“The defection of Krug is the worst blow manager Ernie Johnson of the Bees has experienced,” Los Angeles Herald reporter Matt Gallagher told readers of The Sporting News. “He has been the keystone of defense for the Salt Lake team and his hitting against Los Angeles and Vernon has been timely. Also there is a broad intimation in his desertion that all is not as harmonious under Johnson’s management as outsiders have been led to believe.”
The second baseman soon returned to the fold, only to be traded to the Portland (Ore.) Beavers in the offseason. His response was to threaten to retire, before holding out.
After a string of seasons batting in the .290s with one .310 campaign thrown in, Krug’s hitting dipped with the Beavers, a failure the Oakland Tribune attributed to the team’s poor fortunes. “It is no wonder that Marty Krug, last year a big star in the Coast League, is not playing up to his form,” the newspaper noted on June 24, 1921. “Marty is one of those type ball players who hates to be on a losing ball club, and he seems to be very much saddled up with one this season.”
But despite his difficult reputation, Krug’s hitting placed him in some demand. Ty Cobb let it be known that he was interested in enlisting Marty for the Tigers. Instead, Portland traded Krug to Seattle, where he refused to sign unless paid a $100 bonus, announcing yet again his intent to retire to become a manager. Then, on March 25, 1922, Seattle sold him to the Chicago Cubs for $7,500. At the age of 33, a decade after leaving the Red Sox, Krug returned to the major leagues.
The infielder got off to a slow start in the 1922 season, hitting just .191 through the first 13 games. He improved within a fortnight to .219 and was hitting .271 by mid-June.
“When (John) Kelleher was incapacitated, Krug was placed at third and performed there with as much dexterity as he did at second, showing that the Cubs picked up a versatile infielder in the former Pacific Coast League athlete,” The Sporting News reported. “Krug was taken off the keystone bag because he had fallen into a slump in both his fielding and hitting, but he showed the rest had done him a lot of good, for he cracked the ball vigorously as soon as he filled in at third.”
In a game at the Polo Grounds on June 7, before which the Giants raised the 1921 National League pennant, the home team jumped to a quick 5-0 lead. In the third inning, with the score 5-2, Krug’s triple to right scored two, narrowing the Giants lead, but the home team prevailed in the end, 9-4. Marty’s first major-league home run came the next day, in the seventh inning off Giants reliever Red Causey.
One surprising game stands out – on August 25 at Cubs Park. In the second inning, Charlie Hollocher at short committed at error (his 23rd) and Krug did the same (his 25th), allowing the Phillies to score three runs. The visitors’ lead was short-lived. The Cubs scored 10 in the bottom of the inning, adding another 14 runs in the fourth. The game seemed all but done, but Cubs pitchers proved characteristically generous and the Phillies managed to take a big bite out of the lead with an eight-run eighth, followed by more manic baserunning in the ninth. Six runs had scored and the bases were loaded with the Cubs desperately clinging to what had become a 26-23 lead. Philadelphia’s Bevo LeBourveau stepped to the plate having gone 3-for-3 since being used as a replacement center fielder early in what had been a blowout. The terrible possibility of the home team squandering what had once been a 19-run lead ended when he struck out to end the farce. Krug went 4-for-5 with two doubles and four runs scored. He was mentioned in dispatches in a game that went into the major-league record book for the most hits (51, since bettered) and runs scored (49). The nine errors committed by both teams seemed appropriate to the occasion.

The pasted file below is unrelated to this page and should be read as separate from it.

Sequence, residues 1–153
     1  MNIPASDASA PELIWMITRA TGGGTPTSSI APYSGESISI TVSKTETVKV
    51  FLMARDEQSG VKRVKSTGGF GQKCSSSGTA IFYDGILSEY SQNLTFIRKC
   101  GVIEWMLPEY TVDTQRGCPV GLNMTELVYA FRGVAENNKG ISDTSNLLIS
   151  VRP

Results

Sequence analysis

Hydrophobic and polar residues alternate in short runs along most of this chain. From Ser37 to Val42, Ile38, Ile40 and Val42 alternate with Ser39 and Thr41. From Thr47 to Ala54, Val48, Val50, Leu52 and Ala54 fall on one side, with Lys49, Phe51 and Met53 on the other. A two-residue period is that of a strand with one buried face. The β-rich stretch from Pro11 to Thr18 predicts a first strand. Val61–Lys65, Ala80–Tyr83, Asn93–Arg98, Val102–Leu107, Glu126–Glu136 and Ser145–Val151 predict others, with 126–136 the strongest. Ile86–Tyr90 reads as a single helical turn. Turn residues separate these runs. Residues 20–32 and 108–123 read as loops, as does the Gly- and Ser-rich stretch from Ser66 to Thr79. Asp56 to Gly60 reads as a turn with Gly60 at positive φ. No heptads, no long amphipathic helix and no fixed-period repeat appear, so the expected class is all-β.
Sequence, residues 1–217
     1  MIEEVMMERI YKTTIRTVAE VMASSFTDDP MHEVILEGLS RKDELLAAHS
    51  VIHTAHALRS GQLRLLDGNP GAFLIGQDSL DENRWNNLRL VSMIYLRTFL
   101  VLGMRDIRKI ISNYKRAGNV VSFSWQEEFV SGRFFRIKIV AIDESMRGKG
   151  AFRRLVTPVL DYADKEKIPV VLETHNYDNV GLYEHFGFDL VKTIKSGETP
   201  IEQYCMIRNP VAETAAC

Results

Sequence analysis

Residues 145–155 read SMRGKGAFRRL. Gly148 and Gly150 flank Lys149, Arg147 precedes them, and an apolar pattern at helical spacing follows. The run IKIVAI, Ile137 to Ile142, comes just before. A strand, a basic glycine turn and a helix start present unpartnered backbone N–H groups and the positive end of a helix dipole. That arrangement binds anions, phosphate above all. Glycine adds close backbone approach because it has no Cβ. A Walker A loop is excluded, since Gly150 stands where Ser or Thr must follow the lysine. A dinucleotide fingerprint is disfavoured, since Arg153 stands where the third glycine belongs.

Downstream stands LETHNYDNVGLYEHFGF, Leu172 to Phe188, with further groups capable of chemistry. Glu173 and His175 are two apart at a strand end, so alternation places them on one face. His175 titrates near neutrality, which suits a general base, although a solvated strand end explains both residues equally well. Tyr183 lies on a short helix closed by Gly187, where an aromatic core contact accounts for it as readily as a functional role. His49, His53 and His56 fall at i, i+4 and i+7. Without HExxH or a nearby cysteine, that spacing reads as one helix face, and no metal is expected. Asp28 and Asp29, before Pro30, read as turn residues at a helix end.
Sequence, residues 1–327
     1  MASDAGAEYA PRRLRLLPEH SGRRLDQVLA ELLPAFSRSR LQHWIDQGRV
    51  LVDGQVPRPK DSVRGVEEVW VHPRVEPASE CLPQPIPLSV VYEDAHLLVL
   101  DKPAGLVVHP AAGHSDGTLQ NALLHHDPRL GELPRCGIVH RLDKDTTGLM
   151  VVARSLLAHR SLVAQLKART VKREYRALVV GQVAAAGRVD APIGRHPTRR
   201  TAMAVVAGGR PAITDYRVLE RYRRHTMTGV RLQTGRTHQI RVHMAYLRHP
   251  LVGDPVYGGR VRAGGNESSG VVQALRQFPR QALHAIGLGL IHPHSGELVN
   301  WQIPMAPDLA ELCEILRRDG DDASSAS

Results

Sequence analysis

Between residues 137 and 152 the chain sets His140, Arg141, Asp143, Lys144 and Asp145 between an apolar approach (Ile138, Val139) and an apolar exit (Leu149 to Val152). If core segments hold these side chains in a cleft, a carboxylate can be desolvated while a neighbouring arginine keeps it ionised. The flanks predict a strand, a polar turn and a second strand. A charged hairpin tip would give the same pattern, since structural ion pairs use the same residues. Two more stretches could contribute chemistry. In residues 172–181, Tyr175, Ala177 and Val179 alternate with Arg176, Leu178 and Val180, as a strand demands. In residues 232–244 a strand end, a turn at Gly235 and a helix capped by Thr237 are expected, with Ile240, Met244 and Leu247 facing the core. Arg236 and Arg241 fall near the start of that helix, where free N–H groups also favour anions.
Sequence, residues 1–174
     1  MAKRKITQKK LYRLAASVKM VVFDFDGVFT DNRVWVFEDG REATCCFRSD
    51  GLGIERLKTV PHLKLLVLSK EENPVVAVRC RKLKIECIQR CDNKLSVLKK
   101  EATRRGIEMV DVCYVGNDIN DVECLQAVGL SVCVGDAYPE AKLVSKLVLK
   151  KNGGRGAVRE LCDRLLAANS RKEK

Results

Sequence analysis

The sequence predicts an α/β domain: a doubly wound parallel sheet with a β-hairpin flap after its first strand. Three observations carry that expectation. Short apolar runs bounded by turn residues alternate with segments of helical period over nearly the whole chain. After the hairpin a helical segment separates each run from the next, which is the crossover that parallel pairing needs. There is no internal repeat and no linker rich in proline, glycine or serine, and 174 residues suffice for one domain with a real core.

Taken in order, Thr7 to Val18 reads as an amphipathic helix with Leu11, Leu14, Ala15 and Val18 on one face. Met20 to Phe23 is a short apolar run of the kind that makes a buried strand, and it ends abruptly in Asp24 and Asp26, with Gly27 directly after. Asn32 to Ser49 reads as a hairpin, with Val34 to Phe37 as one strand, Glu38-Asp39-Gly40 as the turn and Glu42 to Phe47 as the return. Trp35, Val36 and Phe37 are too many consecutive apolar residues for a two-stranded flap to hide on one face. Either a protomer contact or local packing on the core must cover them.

Krug’s first full season on a major-league roster, coming at the age of 33, showed modest contributions at the plate. Krug wound up with a .278 average in 147 major-league games spread over two seasons a decade apart. His totals included 25 doubles, five triples, and four home runs. He had 67 runs batted in.
Millionaire chewing-gum magnate William Wrigley Jr. hired Krug to manage his Los Angeles Angels team in 1923. (Wrigley purchased the Cubs two years later.) The new skipper also covered second base at Washington Park, making his debut on April 4. The managing infielder went 0-for-4 in a 4-1 victory over the Oakland Oaks. The Angels finished in sixth place that season.